Cruiser bikes are very simple and very durable, making them ideal for casual beach rides.
For some cyclists, the aggressively forward riding position of traditional road bikes can be uncomfortable and difficult. The racing-inspired geometry of road bikes just isn't for everyone. For these riders, comfort and cruiser bikes make sense as alternatives because they provide many of the features and experience of other road bicycles with a more upright, comfortable position. The differences between comfort and cruiser bicycles make each of them suitable for a specific type of rider.
Get to Know Cruiser Bikes
A cruiser bicycle is a heavy, durable and extremely stylish ride. Often referred to as a beach cruiser, these bikes were initially popular before the 1950s and have seen a resurgence. Most cruiser bicycles are made from steel or aluminum, and they feature a very upright riding position with long handlebars and a long wheelbase. The tires are usually wide for stability and flotation on uneven terrain like sand and gravel, and the frames are often embossed with purely aesthetic metalwork. Cruiser bikes are almost always single-speed.
Go for Comfort
Comfort bikes are similar to hybrid bicycles, which combine traits from mountain bikes and road bikes to provide a versatile upright bike. Comfort bikes are usually designed on a mountain biking-type frame, and often feature a suspension fork or seatpost. Comfort bikes are designed with an upright riding position and feature heavy-duty road tires on 26-inch wheels for traction and lower road vibration. Comfort bikes often feature wider, more comfortable saddles than traditional bikes to protect the rider.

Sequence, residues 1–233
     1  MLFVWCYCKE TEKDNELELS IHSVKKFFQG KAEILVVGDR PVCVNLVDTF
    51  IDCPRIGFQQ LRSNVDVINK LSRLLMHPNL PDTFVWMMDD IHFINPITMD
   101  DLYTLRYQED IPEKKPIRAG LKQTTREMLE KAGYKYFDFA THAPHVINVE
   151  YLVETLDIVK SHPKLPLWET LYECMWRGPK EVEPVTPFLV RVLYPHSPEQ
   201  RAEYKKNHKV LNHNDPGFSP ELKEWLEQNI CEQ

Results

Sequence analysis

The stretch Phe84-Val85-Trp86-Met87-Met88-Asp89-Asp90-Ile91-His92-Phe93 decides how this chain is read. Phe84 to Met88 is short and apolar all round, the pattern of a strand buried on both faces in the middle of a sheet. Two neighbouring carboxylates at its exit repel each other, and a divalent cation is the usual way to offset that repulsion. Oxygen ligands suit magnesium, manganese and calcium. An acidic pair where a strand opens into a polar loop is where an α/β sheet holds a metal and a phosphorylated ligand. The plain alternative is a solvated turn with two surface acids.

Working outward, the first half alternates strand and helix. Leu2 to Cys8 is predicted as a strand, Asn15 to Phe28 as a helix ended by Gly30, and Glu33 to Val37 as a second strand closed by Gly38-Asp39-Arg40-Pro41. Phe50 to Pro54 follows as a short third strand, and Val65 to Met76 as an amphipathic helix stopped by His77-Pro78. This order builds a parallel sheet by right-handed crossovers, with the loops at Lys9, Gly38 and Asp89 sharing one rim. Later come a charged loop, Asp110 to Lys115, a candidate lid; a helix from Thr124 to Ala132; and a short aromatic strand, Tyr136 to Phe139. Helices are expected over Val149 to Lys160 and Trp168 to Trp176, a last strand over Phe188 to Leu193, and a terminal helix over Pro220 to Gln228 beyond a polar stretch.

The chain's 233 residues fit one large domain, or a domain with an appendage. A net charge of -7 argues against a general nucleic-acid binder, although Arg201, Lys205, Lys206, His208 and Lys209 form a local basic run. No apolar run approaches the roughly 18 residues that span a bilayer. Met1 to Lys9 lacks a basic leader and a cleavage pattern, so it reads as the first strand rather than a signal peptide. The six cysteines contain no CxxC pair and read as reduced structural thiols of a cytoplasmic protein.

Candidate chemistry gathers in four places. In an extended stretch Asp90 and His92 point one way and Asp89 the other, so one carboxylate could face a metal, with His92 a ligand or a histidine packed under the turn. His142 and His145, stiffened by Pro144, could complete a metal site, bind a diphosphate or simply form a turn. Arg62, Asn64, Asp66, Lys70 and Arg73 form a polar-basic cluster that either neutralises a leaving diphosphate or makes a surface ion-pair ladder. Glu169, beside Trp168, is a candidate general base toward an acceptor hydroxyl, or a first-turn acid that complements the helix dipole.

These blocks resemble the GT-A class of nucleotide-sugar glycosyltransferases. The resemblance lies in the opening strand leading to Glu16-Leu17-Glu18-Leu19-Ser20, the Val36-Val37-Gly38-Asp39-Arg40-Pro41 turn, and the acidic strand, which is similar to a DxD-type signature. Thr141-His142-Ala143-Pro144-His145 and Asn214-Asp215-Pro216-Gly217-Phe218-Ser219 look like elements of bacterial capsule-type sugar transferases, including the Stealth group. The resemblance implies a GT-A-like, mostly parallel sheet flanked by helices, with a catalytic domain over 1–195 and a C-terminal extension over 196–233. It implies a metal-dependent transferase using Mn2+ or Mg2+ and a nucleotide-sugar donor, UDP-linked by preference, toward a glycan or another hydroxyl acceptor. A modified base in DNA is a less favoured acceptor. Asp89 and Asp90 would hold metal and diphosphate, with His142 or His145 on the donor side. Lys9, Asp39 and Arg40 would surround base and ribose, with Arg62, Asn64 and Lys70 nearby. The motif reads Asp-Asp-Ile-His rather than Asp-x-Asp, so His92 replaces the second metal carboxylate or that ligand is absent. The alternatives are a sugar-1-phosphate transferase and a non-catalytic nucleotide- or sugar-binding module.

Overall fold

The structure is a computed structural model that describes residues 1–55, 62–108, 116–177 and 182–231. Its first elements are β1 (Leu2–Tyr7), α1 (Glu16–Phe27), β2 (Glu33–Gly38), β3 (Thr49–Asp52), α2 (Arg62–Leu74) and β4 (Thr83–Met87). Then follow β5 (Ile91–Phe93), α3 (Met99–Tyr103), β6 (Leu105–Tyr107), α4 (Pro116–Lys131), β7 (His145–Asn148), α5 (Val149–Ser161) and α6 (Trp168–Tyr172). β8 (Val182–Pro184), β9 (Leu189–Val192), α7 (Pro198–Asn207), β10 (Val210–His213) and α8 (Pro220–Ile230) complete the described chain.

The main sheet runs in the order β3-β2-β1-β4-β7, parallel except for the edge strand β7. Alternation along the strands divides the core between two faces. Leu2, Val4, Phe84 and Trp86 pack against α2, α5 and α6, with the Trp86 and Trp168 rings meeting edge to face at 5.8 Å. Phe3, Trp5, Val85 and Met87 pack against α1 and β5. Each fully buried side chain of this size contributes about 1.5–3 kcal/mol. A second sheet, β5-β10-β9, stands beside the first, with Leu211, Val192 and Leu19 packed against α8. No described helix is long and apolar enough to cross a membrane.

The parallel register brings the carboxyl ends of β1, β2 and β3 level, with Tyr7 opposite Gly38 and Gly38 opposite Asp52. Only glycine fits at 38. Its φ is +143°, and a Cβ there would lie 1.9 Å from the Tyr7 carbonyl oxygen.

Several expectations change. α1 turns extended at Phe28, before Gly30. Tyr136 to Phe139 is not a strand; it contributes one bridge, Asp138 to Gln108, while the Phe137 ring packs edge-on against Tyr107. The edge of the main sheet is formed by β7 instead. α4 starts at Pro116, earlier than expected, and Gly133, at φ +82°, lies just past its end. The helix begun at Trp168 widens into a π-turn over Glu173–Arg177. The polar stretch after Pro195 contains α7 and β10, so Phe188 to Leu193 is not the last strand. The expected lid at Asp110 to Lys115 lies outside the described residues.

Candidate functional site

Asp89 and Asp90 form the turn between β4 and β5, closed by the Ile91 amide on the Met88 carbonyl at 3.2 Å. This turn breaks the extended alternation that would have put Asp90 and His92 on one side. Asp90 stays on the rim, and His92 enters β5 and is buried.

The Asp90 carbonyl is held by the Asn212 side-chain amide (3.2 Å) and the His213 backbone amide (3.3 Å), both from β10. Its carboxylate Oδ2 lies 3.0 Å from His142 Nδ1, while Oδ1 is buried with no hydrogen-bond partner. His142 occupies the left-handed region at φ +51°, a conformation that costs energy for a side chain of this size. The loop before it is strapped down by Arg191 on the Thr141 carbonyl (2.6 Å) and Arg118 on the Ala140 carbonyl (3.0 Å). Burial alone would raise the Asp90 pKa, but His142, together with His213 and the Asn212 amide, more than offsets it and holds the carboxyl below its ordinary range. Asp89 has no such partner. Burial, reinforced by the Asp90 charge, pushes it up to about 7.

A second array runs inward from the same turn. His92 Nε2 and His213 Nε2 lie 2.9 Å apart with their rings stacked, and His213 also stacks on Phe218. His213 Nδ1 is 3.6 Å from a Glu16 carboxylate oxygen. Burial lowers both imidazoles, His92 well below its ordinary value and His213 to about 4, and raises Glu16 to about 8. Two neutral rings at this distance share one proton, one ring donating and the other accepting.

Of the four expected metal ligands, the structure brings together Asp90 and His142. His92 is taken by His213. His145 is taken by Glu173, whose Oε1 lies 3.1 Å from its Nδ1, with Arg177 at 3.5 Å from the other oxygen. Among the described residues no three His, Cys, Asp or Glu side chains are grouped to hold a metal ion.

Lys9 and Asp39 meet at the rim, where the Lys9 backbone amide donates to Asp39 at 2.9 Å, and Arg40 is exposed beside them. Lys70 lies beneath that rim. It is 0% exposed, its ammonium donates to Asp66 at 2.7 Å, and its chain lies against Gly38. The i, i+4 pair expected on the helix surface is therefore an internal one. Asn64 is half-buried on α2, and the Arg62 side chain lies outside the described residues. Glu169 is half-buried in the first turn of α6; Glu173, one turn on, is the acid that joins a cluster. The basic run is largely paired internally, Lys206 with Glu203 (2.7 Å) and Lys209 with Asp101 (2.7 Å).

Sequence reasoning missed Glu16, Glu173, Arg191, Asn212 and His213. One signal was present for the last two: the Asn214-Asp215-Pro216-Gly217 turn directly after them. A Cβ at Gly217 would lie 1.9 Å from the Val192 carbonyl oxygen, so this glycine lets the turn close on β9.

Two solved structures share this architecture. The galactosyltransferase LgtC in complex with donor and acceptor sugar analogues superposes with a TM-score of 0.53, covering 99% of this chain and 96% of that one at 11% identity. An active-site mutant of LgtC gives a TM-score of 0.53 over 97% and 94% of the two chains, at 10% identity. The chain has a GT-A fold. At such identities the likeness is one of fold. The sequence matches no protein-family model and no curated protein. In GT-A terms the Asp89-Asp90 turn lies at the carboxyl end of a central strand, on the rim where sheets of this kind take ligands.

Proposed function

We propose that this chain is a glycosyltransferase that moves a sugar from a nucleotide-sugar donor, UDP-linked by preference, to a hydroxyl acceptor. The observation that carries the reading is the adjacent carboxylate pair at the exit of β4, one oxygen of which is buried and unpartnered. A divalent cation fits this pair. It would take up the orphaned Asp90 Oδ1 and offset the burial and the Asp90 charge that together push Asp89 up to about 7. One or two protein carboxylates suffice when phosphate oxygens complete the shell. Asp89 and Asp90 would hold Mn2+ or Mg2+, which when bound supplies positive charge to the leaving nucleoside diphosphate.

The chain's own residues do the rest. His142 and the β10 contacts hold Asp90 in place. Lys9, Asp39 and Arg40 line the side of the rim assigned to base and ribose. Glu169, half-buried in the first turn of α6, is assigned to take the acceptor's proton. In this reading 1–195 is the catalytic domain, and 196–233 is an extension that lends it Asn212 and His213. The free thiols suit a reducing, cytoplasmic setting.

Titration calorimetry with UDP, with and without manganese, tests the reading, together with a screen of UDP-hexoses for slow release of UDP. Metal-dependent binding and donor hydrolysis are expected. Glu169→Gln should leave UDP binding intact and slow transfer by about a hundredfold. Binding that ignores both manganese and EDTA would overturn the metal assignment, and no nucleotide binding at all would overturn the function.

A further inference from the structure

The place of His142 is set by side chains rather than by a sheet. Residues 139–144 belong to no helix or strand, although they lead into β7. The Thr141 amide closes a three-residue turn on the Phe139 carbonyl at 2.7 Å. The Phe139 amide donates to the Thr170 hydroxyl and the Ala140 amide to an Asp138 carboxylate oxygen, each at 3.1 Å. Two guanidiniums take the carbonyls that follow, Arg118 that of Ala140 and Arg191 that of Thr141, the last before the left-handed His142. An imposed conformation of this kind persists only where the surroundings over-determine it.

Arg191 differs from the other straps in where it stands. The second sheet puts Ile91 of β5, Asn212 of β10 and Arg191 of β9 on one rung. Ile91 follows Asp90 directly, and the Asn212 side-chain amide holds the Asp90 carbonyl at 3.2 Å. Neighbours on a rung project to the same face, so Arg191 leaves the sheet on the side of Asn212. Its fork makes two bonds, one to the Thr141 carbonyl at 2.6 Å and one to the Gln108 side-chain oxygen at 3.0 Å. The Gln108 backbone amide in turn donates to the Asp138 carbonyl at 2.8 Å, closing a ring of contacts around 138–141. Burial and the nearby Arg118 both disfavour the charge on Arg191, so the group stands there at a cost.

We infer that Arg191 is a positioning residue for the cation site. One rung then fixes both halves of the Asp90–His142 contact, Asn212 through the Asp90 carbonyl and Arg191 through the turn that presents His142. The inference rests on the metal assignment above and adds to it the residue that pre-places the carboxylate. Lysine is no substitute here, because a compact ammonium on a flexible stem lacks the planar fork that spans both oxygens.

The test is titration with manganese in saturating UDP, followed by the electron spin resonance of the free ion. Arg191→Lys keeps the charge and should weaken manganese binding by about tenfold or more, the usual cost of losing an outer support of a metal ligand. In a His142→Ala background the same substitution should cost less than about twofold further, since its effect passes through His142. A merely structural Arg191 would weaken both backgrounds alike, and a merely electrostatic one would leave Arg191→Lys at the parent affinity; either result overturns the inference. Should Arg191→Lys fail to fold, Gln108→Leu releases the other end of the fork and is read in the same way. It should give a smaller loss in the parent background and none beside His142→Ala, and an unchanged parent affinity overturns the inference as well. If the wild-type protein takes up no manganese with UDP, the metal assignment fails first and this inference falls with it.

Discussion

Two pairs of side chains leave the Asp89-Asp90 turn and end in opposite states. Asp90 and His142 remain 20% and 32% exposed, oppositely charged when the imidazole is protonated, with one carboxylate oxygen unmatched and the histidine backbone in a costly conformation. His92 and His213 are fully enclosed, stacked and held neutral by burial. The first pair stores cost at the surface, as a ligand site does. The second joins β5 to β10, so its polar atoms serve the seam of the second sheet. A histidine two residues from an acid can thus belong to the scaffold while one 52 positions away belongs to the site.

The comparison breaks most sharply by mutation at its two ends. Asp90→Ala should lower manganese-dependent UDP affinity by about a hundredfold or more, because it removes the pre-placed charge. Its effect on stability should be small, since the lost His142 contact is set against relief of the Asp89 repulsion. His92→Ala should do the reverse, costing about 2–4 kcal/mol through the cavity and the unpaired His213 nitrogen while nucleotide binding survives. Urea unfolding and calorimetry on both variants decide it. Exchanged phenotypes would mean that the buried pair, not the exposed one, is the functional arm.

Compare the Two
While the cruiser bike is definitely the more aesthetic bike, the additional capabilities of the comfort bike provided by the use of suspension and extra gearing can make it more functional for many riders. However, both bikes are designed with the comfort of the rider in mind using an upright position and larger tires. Cruiser bikes are simpler and require less maintenance and often feature internal hubs to avoid maintenance on the chain altogether, and their durability is very high. Comfort bikes require more care but will out-perform cruiser bikes on hills, rough terrain and higher speeds.
Make Your Choice
When choosing between a comfort or cruiser bike, consider the conditions you expect to ride in and the distance of your average ride. In areas with hills, the comfort bike stands as the superior choice because of its ability to downshift for uphill riding. Longer commutes also favor the comfort bike, since the suspension and traditional frame will be more suited to higher speeds and longer distances. However, for many casual riders and mild riding conditions, the cruiser bike's simplicity and durability make it a better choice. The aesthetic appeal is also an added bonus.